A high frequency capacitive voltage divider with a diode detector hooked to the HV between the LC and the grid would be a good idea for tuning the coil. Tune for maximum RF.

The HV side could be from .5 to 2 pF (depending on frequency). With the low side capacitance on the order of 50 to 200pF (dependent on the high side capacitance). What you want is 100:1 divide ratio. Roughly. To start. If you use a 1N4148 diode as a detector. You should be able to go from about 100 VAC to 3000 VAC (diode limit is 3750 VAC - actually 1/2 of 75 PIV guaranteed*100). If the voltages you get are outside that range adjust your divider accordingly. The exact range is not too important as you are using it for tuning and not measurement. A voltage in the range of 5 to 10 V at peak output should give plenty of margin and yet give good tuning indication.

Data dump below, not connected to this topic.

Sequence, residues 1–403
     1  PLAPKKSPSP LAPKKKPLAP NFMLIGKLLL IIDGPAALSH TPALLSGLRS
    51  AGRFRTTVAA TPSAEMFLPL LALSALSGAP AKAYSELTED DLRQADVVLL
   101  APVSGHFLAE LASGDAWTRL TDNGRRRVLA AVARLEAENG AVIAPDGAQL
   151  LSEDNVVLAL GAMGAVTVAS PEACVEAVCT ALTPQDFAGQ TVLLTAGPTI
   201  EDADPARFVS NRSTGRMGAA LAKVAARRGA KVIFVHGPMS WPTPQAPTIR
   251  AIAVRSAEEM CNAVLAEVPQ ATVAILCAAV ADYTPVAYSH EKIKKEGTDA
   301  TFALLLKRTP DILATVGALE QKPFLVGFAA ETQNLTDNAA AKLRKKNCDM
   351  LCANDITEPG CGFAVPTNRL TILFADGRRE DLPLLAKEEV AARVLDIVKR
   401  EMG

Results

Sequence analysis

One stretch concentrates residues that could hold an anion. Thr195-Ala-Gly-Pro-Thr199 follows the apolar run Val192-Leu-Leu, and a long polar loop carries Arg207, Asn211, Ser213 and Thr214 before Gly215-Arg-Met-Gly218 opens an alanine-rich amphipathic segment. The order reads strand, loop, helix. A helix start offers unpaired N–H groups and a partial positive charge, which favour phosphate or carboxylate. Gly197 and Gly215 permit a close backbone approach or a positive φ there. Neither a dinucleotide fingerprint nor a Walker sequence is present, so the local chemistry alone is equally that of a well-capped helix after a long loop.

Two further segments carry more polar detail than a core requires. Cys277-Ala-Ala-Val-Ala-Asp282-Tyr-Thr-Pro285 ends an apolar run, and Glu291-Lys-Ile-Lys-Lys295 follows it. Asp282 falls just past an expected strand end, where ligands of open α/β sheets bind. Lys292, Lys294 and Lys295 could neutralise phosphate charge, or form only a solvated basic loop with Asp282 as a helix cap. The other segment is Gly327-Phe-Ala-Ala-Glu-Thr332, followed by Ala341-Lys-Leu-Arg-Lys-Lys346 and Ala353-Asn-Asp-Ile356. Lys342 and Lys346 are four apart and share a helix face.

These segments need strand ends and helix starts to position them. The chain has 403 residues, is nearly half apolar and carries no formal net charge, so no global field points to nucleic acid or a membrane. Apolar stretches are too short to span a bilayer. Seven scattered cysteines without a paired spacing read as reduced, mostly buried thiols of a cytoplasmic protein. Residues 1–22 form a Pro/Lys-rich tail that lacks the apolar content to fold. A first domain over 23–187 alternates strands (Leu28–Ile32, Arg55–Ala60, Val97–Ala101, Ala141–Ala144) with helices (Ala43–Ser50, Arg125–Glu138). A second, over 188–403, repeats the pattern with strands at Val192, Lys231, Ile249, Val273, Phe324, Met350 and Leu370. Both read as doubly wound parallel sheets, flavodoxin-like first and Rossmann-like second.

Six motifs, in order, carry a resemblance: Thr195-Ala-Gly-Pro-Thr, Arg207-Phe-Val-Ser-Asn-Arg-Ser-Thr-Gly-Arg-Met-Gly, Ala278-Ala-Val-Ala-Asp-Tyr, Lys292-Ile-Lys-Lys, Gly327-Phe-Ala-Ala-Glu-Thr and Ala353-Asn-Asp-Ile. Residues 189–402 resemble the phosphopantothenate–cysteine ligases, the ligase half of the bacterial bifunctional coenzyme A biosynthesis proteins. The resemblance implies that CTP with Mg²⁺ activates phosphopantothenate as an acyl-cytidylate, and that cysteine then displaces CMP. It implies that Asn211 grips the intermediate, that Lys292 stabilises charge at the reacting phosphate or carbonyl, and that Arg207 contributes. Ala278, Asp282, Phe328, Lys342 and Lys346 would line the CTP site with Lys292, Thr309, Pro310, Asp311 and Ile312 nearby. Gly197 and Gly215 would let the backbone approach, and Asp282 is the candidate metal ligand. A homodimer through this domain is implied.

A lot is going to depend on lead dress. Keep everything as short as possible. The leads and everything that they contact is now part of your tuned circuit. As much as possible on the HV DC go for a single point ground.

What I'm thinking is that we have a Q multiplier here. If we use Q multiplication to raise the RF at the grid that should enhance the production of RF further raising the RF drive.

It will be interesting to see if it has any effect on fusion output. And what it does to losses.

Any way there is something like a 10% or 20 % chance we will do it this way. If it works you could control the feedback by adjusting the tuning.